Mark King / Design & Art Direction

Anti Design? Bazooka it.

We’re not sure we understand Anti Design, but we don’t have to understand it to love it.

For lovers of anything ‘design’, the diary at the moment is crammed full of huge events and exhibitions. London Fashion Week, The London Design Festival, 100% Design, The Icon Design Trail, Tent... each one a flurry of multiple happenings in multiple locations. Exciting lamps, uncomfortable chairs, crushingly expensive kitchens, eco-everything... It was all getting a bit much so we dashed to The Anti Design festival thinking we could have a rest and a bitch about, well... design. Designers do actually do that.

The Anti Design Festival is the brainchild of graphic design rock star, Neville Brody. He was solely responsible for the look of The Face magazine in the 80s and was pretty much ripped off by all and sundry during that decade. He moved on in the 90s to pioneer customised typeface design which was taking off at that time. He’s been a design pioneer and a leader for decades so why is he now organising an Anti Design festival? Has he had enough? Is he jaded? Why is he on such a downer? Where is he and can we have a glass of wine with him and slag off other designers we don’t like?

No, we’d got it all wrong as the Anti Design festival is as much of a celebration as any of the others. A different kind of celebration that has edge. The idea is that design has become too corporate and commercialised. Used to tart up tat and sell us stuff that – without a design makeover – would just not be very good. The festival wants to shake up designers and let them run riot with the idea of just – well – designing. Make mistakes. Bring back the art of the accident that computers have virtually taken away. Crash and crush and chop and slash and mix up the the visuals. Enjoy. Rebel. Actually have fun again. This suddenly felt really energising, especially as artist and GT favourite Stuart Semple was actually curating some of the shows.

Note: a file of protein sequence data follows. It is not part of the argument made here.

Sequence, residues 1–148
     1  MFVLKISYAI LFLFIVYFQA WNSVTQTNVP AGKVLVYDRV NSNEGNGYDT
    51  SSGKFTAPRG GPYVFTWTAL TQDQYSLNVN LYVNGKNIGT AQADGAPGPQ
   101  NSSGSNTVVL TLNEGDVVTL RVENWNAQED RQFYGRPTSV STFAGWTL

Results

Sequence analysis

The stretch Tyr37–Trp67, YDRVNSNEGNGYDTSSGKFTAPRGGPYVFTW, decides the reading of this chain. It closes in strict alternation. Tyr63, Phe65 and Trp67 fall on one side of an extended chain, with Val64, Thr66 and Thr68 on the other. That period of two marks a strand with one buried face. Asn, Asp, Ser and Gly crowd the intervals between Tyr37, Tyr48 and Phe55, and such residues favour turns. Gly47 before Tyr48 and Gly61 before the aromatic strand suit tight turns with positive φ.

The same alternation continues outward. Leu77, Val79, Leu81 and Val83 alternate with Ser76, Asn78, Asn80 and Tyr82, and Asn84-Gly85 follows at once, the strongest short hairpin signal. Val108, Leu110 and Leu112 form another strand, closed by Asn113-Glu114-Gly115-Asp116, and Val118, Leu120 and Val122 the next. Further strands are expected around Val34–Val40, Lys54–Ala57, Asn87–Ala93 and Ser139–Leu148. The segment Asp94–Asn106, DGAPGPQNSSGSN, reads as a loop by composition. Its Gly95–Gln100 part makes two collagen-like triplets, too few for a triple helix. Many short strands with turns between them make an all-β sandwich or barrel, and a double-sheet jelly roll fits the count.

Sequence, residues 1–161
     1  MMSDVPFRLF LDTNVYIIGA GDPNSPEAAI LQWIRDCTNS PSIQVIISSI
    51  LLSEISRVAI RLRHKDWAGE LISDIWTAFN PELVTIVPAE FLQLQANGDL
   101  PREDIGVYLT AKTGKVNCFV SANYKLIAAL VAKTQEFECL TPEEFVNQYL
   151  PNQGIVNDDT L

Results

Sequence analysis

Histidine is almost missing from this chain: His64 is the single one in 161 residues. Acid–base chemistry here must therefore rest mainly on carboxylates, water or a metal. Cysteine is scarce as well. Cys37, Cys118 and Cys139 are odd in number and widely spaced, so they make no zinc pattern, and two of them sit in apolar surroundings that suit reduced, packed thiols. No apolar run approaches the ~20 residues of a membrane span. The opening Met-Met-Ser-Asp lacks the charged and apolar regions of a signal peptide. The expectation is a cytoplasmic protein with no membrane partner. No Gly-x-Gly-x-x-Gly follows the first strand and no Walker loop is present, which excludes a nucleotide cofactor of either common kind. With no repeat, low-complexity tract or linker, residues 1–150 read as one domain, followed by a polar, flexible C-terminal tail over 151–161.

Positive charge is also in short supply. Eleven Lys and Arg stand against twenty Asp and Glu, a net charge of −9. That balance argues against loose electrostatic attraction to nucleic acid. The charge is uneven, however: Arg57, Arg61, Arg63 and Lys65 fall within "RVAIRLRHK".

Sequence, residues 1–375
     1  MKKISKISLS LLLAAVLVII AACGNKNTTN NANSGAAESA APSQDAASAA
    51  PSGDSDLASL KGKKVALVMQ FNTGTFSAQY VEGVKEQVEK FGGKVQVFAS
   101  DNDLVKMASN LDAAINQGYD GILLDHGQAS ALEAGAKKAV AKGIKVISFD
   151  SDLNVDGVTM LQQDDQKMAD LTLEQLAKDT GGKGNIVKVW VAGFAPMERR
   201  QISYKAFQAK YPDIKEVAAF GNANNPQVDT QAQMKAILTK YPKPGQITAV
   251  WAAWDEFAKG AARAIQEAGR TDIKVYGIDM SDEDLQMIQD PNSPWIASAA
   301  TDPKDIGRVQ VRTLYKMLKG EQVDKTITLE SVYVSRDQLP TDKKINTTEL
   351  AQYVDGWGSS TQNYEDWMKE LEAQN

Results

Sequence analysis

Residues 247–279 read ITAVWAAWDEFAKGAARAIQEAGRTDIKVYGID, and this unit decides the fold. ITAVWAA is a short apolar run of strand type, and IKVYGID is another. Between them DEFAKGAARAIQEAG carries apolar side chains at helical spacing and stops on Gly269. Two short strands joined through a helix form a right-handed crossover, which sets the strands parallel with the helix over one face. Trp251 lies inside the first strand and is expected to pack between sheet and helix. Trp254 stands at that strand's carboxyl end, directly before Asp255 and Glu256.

Top: Work by Stuart Semple. Above: Bazooka

To describe Stuart as a Pop Artist is to simplify him and make him sound like a copyist. His work is very much of now and belongs on the edge of the culture we are immersed in this second. He even sent a barrage of pink clouds towards London to cheer the city up. We love him. To see what he loves and inspires him through his curation was too good an opportunity for us to miss.

We were at his Bazooka show at The Aubin Gallery. Bazooka are a hugely influential French illustration group, formed in the 70s and just as influential now. On seeing their work we could understand why Stuart loves them so much.

Initially the work appears to be collaged pages from fanzines. Twee, cutesy and, erm... slightly rubbish watercolours overlaid with strips of cut up type and bright pen sketches. Dolls, girls having sex, military imagery – it’s all there. Layered and full-on. Then you realise the works are original with real watercolors overlaid with actual sketches and the initial immediacy of ‘collage’ reveals a strong level of craft, ironic or not. And it’s in French. And blown up and woven into static-creating, trashy, man-made fibre rugs.

It’s exciting and complex, doesn’t make a whole load of sense but embodies what the Anti Design festival is all about. Strong, experimental, accidental, anti-corporate, visual experience. You don’t have to understand it but you can’t help but be excited by it. It’s just what we need right now. It’s fun.

Bazooka is showing until 3rd October. Aubin Gallery, 66 Redchurch Street, London E2.

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